John L. Watson, son of the solicitor John Watson, was educated at Darlington and Durham. He came to the Natal Colony in October 1881 and joined the Natal Police. From 1883 he spent three years in the field with Captain William G. Morris*, who was engaged on the geodetic survey of the colony. Afterwards he spent two years on the Witwatersrand, before returning to Natal to take up a position in the surveyor-general's Office, Pietermaritzburg, in September 1889. On 26 March 1890 he married Johanna Tweedie, with whom he had four children. From 1899 to 1900, during the early part of the Anglo-Boer War (1899-1902), he was leader of Murray's Horse and Colonial Scouts and was awarded a medal with clasp. His hobbies were fishing and shooting, and by 1906 he was the honorary secretary of the Natal Angler's Association.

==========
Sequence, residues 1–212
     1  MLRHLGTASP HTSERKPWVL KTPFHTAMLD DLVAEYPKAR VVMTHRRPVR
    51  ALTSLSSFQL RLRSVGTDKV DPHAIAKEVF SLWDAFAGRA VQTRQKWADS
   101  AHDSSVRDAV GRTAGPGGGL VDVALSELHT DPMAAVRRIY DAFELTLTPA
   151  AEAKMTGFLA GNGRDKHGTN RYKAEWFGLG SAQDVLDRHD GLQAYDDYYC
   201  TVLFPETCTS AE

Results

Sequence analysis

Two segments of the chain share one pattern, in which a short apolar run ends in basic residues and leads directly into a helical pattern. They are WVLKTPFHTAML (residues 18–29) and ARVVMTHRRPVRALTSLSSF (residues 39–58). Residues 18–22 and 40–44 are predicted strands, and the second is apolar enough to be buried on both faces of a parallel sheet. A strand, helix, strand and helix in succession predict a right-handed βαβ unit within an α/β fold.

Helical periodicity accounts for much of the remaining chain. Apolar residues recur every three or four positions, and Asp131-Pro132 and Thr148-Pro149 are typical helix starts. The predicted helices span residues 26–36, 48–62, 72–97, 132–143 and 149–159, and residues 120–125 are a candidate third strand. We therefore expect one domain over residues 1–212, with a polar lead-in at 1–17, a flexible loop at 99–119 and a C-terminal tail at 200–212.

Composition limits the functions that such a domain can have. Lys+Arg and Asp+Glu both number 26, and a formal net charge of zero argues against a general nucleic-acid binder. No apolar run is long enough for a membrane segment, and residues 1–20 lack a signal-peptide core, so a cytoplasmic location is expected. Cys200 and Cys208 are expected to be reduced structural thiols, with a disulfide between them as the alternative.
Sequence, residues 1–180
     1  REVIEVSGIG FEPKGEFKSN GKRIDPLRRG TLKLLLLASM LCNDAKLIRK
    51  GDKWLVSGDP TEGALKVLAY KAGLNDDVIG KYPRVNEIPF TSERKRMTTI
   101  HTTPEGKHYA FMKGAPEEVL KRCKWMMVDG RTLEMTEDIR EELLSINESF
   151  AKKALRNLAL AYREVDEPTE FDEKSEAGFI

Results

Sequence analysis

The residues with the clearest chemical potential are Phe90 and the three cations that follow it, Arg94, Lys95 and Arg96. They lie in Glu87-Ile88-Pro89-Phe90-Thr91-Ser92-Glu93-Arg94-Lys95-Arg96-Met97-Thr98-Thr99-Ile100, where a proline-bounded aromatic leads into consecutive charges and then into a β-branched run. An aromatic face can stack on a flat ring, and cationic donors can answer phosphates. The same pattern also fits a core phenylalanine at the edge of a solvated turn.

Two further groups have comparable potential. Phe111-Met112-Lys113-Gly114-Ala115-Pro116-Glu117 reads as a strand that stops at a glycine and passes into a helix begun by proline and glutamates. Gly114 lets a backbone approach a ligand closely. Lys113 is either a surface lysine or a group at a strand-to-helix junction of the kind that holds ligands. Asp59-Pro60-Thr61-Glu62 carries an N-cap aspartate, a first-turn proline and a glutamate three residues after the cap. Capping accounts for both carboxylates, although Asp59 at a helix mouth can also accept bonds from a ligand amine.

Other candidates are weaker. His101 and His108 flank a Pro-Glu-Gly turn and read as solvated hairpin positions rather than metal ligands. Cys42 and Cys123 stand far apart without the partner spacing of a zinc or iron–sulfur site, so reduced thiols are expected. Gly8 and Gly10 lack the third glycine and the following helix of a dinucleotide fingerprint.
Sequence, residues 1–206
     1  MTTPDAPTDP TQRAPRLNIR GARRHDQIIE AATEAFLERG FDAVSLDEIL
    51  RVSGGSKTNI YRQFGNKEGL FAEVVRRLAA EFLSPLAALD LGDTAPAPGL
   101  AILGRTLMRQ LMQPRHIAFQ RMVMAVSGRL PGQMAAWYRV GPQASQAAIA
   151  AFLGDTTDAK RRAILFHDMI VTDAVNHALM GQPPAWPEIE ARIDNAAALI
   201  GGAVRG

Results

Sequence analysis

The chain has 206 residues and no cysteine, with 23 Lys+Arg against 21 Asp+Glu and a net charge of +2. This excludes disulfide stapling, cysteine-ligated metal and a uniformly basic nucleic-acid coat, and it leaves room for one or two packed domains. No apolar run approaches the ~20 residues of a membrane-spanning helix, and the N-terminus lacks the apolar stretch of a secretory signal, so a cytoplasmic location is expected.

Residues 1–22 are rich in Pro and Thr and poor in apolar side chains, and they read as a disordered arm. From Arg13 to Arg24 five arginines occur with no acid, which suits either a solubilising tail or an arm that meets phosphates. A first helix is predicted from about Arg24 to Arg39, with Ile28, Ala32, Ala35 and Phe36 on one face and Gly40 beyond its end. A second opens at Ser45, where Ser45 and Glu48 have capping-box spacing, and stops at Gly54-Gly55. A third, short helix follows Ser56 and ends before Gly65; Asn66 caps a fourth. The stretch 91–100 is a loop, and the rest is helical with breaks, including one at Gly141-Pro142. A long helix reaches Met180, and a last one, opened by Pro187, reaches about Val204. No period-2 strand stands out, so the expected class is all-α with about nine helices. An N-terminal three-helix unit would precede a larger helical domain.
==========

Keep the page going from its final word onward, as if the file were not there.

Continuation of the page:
Watson was appointed draughtsman and examiner of diagrams in the surveyor-general's office in July 1894. He was admitted as a sworn land surveyor in 1901. In December 1907 he was given additional duties as acting secretary to the minister of agriculture and member of the Land Board. On 1 January 1909 he succeeded John L. Masson* as surveyor-general of Natal. When the Union of South Africa was formed in 1910 he retained his post as surveyor-general of the province of Natal, until 1914. During these years he was also secretary to the minister of agriculture of the Union. In 1910 he compiled and issued the Natal Degree Sheets, a series of cadastral compilations on 68 sheets at a scale of one mile to the inch (1:63 360). The maps showed features such as rivers, vegetation, roads, towns and other infrastructure. This series of maps was revised during the nineteen-thirties and re-issued on a scale of two miles to the inch (1:126 720). Though not proper topographical maps, they were the only large-scale maps of Natal prior to the 1:50 000 series issued by the Trigonometrical Survey.